Multiple sclerosis: Lessons from molecular neuropathology

  title={Multiple sclerosis: Lessons from molecular neuropathology},
  author={Hans Lassmann},
  journal={Experimental Neurology},
  • H. Lassmann
  • Published 1 December 2014
  • Biology, Psychology
  • Experimental Neurology
Chronic Demyelination and Axonal Degeneration in Multiple Sclerosis: Pathogenesis and Therapeutic Implications
The development of therapies to restore lost myelin and protect neurons is a promising avenue of investigation for the benefit of patients with MS.
Mechanisms of Neurodegeneration and Axonal Dysfunction in Progressive Multiple Sclerosis
The gradual accumulation of disability characteristic of the disease seems to also result from a different set of mechanisms, including in particular immune reactions confined to the Central Nervous System, which could act in combination.
Altered astrocytic function in experimental neuroinflammation and multiple sclerosis
This review will address the present knowledge that exists regarding the role of astrocytes in MS and experimental animal models of the disease, and suggest that disease progression and disability are better correlated with the maintenance of a persistent low‐grade inflammation inside the CNS, driven by local glial cells, like astroCytes and microglia.
Neuroprotective therapies for multiple sclerosis and other demyelinating diseases
  • P. Villoslada
  • Biology, Medicine
    Multiple Sclerosis and Demyelinating Disorders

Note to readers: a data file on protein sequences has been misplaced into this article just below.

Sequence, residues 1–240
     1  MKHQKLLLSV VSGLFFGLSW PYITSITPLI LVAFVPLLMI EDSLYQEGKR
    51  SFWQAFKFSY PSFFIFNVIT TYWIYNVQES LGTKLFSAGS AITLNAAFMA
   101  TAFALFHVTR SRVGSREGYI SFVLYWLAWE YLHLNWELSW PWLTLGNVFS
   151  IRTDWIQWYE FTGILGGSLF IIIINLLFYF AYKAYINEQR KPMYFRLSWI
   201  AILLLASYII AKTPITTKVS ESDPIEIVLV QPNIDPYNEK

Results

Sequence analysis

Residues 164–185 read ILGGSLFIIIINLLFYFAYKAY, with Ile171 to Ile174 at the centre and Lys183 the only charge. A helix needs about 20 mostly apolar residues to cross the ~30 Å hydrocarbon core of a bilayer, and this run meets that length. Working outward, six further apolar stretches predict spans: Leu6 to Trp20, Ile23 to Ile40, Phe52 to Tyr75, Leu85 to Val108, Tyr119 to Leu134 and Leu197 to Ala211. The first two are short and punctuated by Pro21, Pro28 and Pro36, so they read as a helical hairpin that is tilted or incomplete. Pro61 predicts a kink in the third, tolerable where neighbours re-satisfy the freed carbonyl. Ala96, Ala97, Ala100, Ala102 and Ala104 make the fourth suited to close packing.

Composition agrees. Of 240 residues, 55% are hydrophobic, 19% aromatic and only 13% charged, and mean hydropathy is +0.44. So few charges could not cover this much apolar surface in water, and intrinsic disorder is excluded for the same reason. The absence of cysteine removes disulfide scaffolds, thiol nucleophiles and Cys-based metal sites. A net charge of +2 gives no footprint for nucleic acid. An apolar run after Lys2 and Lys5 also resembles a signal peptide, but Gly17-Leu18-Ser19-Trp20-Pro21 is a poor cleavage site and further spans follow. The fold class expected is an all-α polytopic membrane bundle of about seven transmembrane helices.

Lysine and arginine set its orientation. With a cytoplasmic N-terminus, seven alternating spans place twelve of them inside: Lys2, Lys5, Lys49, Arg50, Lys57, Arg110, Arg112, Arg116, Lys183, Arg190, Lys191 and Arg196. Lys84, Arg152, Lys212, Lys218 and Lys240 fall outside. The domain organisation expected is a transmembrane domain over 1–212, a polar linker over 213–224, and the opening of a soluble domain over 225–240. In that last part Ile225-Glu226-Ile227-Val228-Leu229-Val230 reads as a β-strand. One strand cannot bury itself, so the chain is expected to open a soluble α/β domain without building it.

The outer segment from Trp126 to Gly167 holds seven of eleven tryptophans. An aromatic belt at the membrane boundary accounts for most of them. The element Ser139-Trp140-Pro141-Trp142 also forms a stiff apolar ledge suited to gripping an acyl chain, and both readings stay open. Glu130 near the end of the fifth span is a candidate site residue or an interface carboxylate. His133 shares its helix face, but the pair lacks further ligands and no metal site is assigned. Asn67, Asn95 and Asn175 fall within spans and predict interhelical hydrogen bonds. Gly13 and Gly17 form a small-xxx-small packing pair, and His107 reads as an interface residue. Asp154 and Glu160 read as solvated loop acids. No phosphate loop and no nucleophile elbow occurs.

• 2016
Improvement in the understanding of underlying biology, in the design of clinical trials specific for assessing neuroprotection, and new technologies for developing novel therapies for neuroprotection suggest a new avenue for treating MS, Optic Neuritis or Neuromyelitis Optica.
A basic overview of multiple sclerosis immunopathology
To limit inflammatory demyelinating processes and delay disease progression, intervention to control inflammation must begin as early as possible.
The link of inflammation and neurodegeneration in progressive multiple sclerosis
Current data and recent hypothesis about pathological forces that drive progression of damage in MS, i.e. cumulative cortical demyelination and neurodegeneration as well as diffuse alterations throughout white and grey matter in the brain and spinal cord are summarized.
Newly Identified Deficiencies in the Multiple Sclerosis Central Nervous System and Their Impact on the Remyelination Failure
Results have led to a critical reassessment of MS pathogenesis, partly because EGF has little or no role in immunology, and other non-immunological MS abnormalities are reviewed.
Novel mechanism and biomarker of chronic progressive multiple sclerosis
The mechanisms proposed in the pathogenesis of SP‐MS are summarized, and a new pathogenic mechanism for neurodegeneration mediated by unique cytotoxic helper T cells is proposed.
Interactions between Axon Cytoskeleton Proteins and Oligodendrocytes during Remyelination
Four main factors might be involved in the repair defect in MS: I) astrocytic gliosis, II) axon degeneration, III) and/or OL alterations and finally the coexistence of these parameters with inflammatory cells and molecules in the lesions which renders the clarification of their respective involvement in the persistence of lesions difficult.